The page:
According to several media outlets, hockey may be coming to Sin City real soon. Greg Wyshynski of Yahoo Sports says all that remains is deciding which owner gets to take credit for bringing the first major sports franchise to Las Vegas. At first look, it would seem that Las Vegas would be a great place to have a NHL hockey team: Casinos, gambling and many sports fans (or gambling fans) who would love to watch a professional sporting event. There is reportedly a 20,000 seat stadium in the process of being built that should be ready by 2016.
However, the drawbacks to having a team in Las Vegas are exceptionally evident. For one thing, this team would have to ascertain a strong fan base, in the desert no less. When thinking about the possibility of a hockey team in the desert, one cannot help but think about the now Arizona Coyotes. The Coyotes had to be taken over by the NHL because they could not pay their debts. Quebec City, on the other hand, reportedly has a 90,000 strong fan club . Quebec City has been dying to have a hockey team since the Nordiques left in 1995 for Colorado. It would not be surprising in the least to see their season tickets sell out in seconds like the Winnipeg Jets when they returned.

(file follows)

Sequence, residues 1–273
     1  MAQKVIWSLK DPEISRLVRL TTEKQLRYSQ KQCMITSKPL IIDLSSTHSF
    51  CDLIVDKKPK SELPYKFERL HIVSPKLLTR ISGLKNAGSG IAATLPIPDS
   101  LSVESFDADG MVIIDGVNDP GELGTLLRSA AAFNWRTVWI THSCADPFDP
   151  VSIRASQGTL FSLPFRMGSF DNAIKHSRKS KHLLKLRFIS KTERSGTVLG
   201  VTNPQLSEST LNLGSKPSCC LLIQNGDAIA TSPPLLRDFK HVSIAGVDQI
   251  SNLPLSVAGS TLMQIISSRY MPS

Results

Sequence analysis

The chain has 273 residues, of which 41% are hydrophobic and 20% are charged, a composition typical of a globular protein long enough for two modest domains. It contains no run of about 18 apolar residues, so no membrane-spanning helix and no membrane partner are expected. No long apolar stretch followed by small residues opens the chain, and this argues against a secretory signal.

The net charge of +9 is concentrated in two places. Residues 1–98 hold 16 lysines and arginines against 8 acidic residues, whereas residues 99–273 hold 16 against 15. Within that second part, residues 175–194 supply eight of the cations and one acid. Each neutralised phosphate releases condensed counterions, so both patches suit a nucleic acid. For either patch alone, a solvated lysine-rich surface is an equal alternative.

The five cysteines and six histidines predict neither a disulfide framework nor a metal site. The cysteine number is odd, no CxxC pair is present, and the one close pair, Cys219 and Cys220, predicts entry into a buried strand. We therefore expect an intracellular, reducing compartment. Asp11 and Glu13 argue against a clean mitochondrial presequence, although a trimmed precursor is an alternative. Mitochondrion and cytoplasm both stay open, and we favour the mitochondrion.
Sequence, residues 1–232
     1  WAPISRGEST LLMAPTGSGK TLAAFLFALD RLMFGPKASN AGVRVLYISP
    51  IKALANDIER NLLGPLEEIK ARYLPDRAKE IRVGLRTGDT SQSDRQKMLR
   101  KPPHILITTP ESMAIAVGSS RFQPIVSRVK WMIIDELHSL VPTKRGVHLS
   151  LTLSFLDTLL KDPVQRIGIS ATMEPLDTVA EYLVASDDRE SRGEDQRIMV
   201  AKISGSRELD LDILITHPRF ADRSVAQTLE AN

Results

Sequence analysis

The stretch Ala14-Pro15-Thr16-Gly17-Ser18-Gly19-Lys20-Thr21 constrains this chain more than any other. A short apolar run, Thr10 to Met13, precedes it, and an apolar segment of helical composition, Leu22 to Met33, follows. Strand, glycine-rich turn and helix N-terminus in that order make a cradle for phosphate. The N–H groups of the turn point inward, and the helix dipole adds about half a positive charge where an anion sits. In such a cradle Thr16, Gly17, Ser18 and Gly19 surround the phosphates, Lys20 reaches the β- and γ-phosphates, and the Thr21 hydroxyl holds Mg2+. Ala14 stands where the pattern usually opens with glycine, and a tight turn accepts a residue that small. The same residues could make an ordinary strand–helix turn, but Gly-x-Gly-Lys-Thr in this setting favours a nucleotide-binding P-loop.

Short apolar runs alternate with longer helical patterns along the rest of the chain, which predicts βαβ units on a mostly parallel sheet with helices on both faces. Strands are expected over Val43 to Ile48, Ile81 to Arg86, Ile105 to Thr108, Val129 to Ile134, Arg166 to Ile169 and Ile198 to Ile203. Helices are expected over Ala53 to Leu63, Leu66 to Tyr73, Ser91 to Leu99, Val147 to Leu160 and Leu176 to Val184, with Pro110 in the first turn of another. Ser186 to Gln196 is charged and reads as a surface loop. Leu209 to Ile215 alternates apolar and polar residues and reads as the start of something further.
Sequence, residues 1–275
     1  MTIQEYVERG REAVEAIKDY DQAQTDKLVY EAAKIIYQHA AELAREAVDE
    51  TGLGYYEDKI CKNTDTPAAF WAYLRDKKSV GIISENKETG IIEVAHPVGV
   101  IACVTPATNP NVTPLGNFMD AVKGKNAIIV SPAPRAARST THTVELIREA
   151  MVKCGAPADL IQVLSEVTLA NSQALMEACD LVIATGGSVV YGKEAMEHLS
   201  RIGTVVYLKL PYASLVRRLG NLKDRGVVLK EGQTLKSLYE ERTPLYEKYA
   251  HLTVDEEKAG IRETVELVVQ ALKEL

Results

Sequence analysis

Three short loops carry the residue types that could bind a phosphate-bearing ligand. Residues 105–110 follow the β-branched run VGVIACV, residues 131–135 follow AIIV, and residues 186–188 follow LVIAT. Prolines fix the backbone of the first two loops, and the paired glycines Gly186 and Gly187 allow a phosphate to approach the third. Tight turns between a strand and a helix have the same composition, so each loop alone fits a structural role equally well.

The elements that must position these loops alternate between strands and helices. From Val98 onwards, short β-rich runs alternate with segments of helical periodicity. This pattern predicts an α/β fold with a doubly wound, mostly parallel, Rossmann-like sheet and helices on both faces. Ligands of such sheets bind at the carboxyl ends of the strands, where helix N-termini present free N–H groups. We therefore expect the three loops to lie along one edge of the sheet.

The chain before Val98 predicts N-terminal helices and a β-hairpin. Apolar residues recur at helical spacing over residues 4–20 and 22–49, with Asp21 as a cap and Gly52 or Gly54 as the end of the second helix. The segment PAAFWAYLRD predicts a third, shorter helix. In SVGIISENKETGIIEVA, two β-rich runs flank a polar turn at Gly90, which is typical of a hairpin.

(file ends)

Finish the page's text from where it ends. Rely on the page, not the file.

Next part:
Besides a robust fan club and ticket sales, there are also the tax ramifications to consider. In the United States, we have a 35% corporate tax rate, which is among the highest in the world. Canada, on the other hand, bodes a 15% corporate tax rate. Just recently Burger King agreed to an $11 billion merger with Tim Horton’s a Canada-based restaurant which some speculate is an attempt to escape the United States’ exorbitant corporate tax rate. Also, when the Nordiques left in 1995 the Canadian dollar was very weak. According to http://fx.sauder.ubc.ca/etc/CADpages.pdf, in 1995 when the Nordiques left Quebec, the Canadian dollar was only worth $0.73 American. Today, the Canadian dollar is up to $0.92 American. That is almost a 14% increase. Using the same chart, during the 2011-2012 fiscal years, the Canadian Dollar and US Dollar were essentially identical.
Thus, while the prospect of gambling between periods may be enticing, it may not be the smartest financial decision with the Quebec City Nordiques etching for a resurrection.